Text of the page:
Major co-op federations in Punjab
Milkfed: The Punjab State Cooperative Milk Producers’ Federation Limited came into being in 1973 with the aim of providing a lucrative market to the state milk producers by value addition and marketing of produce. Another of its objectives is to provide technical inputs for the enhancement of milk production. In 1983, milk plants of the former Punjab Dairy Development Corporation Limited were granted to the cooperative sector under Operation Flood to provide a better deal to the farmers and better products to the customers. Milkfed has a three-tier system: the federation is the apex body at the state level, milk unions at the district level and cooperative societies at the village level.
Markfed: The Punjab State Cooperative Supply & Marketing Federation Limited was registered in 1954. It is one of Asia's largest marketing cooperative federations. Markfed has been awarded national productivity awards in fields such as cooperative marketing activities, food processing and cattle feed production. This federation of over 3,000 societies also contributes to research and development through Punjab Agricultural University (PAU), Ludhiana.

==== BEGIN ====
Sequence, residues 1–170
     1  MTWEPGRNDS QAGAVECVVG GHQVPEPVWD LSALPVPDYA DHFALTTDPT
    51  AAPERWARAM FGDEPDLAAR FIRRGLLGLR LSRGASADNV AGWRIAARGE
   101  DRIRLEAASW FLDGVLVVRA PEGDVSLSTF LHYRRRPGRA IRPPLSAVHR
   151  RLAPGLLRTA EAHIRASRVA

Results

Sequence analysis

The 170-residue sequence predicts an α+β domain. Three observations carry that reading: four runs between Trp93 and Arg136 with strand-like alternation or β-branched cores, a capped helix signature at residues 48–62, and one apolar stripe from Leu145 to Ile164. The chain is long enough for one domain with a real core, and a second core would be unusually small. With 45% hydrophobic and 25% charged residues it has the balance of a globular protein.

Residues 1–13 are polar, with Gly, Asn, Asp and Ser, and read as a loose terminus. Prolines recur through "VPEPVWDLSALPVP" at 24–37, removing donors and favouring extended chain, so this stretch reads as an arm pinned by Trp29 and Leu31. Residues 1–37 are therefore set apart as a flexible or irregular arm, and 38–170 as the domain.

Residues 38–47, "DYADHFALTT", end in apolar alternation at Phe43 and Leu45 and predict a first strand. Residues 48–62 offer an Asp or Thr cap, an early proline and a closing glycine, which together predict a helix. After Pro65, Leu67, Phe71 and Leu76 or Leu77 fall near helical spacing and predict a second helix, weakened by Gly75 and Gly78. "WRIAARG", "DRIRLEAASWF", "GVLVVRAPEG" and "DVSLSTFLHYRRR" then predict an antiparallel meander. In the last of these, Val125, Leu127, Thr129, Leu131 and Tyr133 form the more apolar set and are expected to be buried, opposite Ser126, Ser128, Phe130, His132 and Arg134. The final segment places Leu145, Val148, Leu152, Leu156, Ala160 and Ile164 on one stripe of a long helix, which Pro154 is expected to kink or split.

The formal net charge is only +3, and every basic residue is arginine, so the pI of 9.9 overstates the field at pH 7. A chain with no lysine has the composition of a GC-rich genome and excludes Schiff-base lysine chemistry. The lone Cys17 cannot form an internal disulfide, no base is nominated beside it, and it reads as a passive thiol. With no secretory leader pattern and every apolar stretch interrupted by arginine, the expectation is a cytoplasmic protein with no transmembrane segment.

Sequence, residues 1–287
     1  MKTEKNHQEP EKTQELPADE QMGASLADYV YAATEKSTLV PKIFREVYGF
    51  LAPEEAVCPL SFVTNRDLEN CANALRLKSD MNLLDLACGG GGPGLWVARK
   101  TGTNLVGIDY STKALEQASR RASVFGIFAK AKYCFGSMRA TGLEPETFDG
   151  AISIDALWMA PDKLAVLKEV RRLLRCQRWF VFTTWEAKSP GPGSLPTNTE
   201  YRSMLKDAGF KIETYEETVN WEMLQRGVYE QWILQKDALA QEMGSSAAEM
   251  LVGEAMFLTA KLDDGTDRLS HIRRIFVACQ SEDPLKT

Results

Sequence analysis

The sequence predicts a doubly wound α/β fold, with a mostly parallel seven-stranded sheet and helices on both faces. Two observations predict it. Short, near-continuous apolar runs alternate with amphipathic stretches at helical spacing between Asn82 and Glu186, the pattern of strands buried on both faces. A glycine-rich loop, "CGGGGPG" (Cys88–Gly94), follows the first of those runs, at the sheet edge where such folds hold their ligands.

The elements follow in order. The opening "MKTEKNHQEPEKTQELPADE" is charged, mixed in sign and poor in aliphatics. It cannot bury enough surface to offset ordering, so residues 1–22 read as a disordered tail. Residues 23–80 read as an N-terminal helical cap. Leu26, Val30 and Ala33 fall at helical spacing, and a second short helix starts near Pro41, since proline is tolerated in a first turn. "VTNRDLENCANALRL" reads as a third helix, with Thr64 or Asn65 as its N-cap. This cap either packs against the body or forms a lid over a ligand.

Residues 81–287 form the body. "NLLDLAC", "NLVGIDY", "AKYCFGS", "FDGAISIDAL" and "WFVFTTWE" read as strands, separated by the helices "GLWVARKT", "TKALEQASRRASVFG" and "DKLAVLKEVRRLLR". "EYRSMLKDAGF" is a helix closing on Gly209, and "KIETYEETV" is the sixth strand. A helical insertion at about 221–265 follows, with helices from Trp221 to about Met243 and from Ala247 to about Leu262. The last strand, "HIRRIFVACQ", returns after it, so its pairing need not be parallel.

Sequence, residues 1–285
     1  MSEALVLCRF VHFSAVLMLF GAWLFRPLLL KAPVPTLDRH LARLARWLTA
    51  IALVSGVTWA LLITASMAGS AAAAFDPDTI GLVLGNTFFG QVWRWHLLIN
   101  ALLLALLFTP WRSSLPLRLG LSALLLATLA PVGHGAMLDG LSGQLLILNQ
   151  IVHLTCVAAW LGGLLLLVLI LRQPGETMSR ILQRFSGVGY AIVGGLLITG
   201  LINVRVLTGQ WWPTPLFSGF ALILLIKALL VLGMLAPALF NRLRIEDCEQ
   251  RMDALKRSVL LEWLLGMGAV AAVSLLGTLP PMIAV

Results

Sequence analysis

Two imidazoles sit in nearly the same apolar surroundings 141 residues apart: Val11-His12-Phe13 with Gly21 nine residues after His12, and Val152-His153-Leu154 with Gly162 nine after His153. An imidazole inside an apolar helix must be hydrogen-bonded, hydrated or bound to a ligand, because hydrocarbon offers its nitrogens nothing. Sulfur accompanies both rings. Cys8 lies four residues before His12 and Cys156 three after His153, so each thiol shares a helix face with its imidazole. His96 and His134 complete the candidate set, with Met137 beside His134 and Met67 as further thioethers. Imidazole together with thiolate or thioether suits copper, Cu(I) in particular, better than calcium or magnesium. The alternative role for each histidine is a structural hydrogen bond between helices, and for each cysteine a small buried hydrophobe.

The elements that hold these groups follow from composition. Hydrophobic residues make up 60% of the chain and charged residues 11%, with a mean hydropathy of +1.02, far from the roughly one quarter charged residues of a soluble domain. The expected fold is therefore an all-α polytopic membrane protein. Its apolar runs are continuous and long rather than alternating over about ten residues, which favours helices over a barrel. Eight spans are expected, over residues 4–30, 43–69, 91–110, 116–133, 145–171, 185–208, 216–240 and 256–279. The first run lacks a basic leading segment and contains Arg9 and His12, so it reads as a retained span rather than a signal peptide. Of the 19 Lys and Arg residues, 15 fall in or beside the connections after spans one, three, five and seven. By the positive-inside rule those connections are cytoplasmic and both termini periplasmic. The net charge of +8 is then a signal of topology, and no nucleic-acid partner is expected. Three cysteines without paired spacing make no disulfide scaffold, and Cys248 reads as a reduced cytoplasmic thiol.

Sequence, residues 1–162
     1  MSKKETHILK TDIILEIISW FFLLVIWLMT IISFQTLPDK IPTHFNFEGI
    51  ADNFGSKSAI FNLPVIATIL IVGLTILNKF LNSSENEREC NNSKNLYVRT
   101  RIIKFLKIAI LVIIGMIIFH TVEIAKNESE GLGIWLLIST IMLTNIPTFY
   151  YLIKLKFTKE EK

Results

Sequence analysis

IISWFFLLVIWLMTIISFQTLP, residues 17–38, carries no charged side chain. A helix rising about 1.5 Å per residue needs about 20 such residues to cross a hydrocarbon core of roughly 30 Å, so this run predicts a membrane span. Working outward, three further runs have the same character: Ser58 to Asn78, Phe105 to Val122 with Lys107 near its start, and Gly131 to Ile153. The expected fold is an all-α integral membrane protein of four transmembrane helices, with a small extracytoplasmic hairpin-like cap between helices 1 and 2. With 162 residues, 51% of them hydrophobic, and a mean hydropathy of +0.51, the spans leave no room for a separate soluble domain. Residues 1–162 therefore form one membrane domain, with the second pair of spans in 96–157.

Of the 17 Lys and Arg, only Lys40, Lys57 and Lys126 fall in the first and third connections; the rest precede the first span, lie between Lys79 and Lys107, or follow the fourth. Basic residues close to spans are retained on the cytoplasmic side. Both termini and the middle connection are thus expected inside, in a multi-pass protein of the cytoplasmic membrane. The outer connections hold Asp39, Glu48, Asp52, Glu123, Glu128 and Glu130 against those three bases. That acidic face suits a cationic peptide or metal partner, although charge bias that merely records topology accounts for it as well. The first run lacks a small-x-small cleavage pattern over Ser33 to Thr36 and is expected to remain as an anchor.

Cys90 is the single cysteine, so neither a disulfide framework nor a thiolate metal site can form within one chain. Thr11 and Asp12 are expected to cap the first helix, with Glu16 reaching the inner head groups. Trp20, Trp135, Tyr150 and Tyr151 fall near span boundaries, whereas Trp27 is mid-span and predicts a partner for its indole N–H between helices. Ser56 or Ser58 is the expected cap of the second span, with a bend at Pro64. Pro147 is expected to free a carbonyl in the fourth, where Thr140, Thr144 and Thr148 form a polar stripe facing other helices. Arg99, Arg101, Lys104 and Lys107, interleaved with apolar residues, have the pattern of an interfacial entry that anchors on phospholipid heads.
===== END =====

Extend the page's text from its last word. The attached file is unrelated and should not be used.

Sugarfed: The Punjab State Federation of Cooperative Sugar Mills Limited is an apex body of 15 cooperative sugar mills in the state. The mills are tasked with providing technical knowhow to farmers for cane development and introduction of improved sugarcane varieties with higher sugar content and yield in consultation with PAU and other institutions. Other services include providing disease-free seed to the farmers, timely purchase of their produce, and pest management.
The writer is Senior Fellow, Institute of Social Sciences, New Delhi